Adventure Tourism: Adventurous travels have been an age old practice for the humans, as old as the human history. People have been travelling for food, shelter, health, business, leisure and out of curiosity for time immemorial. We have good examples of adventurous travelers like Marco Polo, Captain James Cook, and Sir Ernest Shackle ton, who had primarily scientific, geographic, or colonial motives for travel but at the core were some of the first Adventure travelers.
Travelling in those times was quite tough not like today were adventure travelers can hire a professional guide who will provide a range of technical support and equipment, as well as culture and nature interpretation.
The growth and development of modern day adventure tourism industry can trace back to the mid-1800 in America. It was here that adventure lovers started to push the limits of sports like the white water rafting and mountaineering with the first ascent of the Matterhorn in 1865 and descent of the Colorado River in 1869.
Shortly after these two events two of the great instates were set up that later on proved to be of monumental importance for the Adventure lovers and the Industry at large these to great instates were, The National Geographic Society formed in 1888 to “increase and diffuse geographic knowledge” and the Explorers Club formed in 1904 to “promote the scientific exploration of land, sea, air, and space”.
Maurice Herzog’s successful ascent of Annapurna in 1950 and Sir Edmund Hillary and Tenzig Norgay’s successful ascent of Mount Everest on 29th May 1953, was hailed by the media and adventure lovers around the world and these two events proved to be the golden moments in the history of mankind post the 1950’s that inspired millions across the globe to take up adventure sports and journeys.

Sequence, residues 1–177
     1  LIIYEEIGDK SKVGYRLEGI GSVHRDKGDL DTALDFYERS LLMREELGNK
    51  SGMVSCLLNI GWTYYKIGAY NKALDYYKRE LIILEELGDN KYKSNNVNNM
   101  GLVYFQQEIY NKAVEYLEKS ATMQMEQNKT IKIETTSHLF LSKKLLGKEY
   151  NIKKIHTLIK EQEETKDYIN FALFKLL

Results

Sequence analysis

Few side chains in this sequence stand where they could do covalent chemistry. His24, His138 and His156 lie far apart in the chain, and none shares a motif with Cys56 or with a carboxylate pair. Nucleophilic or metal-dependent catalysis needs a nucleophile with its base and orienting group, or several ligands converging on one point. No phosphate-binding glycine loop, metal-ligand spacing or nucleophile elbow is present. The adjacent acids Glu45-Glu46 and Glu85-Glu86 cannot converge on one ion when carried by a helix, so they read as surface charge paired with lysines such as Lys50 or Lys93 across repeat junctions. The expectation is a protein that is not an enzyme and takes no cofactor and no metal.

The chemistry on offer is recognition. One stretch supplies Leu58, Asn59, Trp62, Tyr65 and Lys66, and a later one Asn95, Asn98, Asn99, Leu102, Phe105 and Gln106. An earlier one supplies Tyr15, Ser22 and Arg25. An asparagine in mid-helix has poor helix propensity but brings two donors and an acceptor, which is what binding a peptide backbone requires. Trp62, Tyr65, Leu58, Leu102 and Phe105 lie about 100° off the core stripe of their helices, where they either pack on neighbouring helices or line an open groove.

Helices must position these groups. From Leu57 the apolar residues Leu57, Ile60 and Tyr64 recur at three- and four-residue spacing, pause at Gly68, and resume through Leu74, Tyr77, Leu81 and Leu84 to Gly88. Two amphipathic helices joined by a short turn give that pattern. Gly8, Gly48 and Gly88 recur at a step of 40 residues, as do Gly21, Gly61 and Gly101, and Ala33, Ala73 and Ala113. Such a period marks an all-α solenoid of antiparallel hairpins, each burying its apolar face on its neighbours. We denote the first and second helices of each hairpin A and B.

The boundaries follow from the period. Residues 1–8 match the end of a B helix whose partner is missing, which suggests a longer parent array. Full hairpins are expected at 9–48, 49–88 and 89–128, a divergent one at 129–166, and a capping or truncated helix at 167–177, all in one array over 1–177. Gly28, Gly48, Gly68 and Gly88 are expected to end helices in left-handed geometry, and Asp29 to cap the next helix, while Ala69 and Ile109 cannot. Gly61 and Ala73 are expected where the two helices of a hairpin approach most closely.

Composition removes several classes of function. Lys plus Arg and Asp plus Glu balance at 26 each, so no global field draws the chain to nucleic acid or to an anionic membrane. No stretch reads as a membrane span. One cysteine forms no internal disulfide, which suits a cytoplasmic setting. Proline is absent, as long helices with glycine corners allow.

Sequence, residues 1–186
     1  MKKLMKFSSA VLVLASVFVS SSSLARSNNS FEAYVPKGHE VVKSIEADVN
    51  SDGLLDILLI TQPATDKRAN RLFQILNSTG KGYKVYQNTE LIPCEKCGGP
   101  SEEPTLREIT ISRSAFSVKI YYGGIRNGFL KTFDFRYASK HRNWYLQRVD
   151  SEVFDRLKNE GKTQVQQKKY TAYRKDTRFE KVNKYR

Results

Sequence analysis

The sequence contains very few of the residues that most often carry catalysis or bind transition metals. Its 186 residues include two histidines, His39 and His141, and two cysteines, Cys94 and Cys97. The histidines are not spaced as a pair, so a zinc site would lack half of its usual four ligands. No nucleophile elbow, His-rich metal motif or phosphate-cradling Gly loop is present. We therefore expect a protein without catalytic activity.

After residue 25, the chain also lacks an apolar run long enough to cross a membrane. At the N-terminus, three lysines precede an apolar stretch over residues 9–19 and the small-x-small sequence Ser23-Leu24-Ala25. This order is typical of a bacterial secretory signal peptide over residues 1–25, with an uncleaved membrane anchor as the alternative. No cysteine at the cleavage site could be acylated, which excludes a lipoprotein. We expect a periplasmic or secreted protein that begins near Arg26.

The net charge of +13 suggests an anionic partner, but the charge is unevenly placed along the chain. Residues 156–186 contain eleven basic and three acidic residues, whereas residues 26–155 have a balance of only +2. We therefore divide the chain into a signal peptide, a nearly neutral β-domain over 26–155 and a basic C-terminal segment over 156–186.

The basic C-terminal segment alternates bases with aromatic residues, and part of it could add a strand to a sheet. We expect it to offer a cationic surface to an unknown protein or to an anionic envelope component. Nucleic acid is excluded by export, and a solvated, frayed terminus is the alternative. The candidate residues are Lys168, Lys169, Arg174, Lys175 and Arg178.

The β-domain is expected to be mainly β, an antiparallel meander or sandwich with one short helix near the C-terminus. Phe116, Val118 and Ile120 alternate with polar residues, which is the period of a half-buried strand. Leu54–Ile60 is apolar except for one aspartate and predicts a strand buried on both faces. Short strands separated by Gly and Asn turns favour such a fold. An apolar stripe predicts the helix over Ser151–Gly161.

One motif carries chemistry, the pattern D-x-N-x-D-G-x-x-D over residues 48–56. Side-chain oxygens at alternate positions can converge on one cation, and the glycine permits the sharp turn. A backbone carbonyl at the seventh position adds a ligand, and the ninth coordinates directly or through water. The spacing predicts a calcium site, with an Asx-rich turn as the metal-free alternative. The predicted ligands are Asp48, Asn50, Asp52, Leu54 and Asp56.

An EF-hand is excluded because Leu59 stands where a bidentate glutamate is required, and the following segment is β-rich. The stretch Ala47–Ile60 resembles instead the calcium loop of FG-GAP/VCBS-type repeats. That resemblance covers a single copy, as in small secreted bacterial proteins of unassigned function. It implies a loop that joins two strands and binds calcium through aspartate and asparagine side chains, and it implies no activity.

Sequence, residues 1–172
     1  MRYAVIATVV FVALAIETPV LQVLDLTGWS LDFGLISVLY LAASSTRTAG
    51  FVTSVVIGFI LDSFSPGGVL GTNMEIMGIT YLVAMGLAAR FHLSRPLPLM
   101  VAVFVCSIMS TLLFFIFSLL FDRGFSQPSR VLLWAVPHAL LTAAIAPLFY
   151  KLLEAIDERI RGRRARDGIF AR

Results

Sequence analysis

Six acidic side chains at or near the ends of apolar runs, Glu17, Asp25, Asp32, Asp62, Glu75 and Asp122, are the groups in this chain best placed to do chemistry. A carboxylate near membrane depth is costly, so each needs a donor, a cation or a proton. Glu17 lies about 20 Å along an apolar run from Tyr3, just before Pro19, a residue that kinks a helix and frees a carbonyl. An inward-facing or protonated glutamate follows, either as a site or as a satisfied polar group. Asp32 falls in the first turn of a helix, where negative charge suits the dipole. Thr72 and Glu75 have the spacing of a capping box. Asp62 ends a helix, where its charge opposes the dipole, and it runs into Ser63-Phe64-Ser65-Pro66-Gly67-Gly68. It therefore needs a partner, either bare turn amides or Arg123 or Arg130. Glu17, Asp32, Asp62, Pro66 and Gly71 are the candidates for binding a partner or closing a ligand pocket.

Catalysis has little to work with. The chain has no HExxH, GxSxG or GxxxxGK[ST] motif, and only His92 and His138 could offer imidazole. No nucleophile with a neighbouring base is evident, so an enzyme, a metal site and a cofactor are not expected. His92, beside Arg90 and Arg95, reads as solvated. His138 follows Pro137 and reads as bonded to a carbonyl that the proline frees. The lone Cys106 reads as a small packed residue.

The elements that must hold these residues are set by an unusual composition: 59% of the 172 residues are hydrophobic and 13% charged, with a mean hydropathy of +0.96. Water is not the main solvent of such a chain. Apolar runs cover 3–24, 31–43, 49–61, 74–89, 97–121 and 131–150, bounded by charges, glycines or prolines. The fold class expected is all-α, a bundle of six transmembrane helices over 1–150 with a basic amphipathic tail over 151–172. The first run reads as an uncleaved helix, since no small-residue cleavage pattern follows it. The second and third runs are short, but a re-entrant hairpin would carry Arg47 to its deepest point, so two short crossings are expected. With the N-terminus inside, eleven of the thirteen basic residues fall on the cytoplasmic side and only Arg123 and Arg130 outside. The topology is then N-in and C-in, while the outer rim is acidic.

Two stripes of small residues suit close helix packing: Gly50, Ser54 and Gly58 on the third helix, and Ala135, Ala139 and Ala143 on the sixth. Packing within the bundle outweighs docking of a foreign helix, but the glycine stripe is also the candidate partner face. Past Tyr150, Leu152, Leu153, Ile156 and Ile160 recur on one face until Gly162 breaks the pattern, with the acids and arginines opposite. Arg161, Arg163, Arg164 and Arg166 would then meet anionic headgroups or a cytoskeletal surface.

The roots of first dedicated adventure travel agency can be traced back to 1920’s to a person called Dan Hatch in America. He and his brothers decided to build wooden rafts to explore the River Green situated in today’s Dinosaur National Monument. Don Hatch later on formed a company, Hatch River Explorations, which was the first business to receive a national park concessioner permit for rafting in 1953.
There are many examples of some early adventure travel agencies like the Ker & Downey in 1946, Abercrombie & Kent in 1962, Micato Safaris in 1966 (luxury safaris), and the OARS in 1969 (river rafting).
Adventure Tourism today has grown into one of the most promising and dynamic sectors of the Tourism industry. The government’s world over are actively promoting this sector due to its direct benefit to the local communities, local economies and environment at large. Business holdings in this sector are primarily small proprietorships thus promoting entrepreneurship.
Adventure tourism is a type of niche tourism activity, generally an outdoor activity, involving exploration to remote areas, challenging oneself against the nature and its various elements such as air, water, mountains, and climate and weather conditions. Physical and mental fitness is a pre-requisite before participating in such activities.
“Adventure tourism is a form of travel in which the perception (and often the reality) of heightened risk creates a special appeal to certain segments of the travel market.” (Tourism – Principles, Practices, Philosophies – Charles R. Goeldner, J.R. Brent Ritchie and Robert W. McIntosh).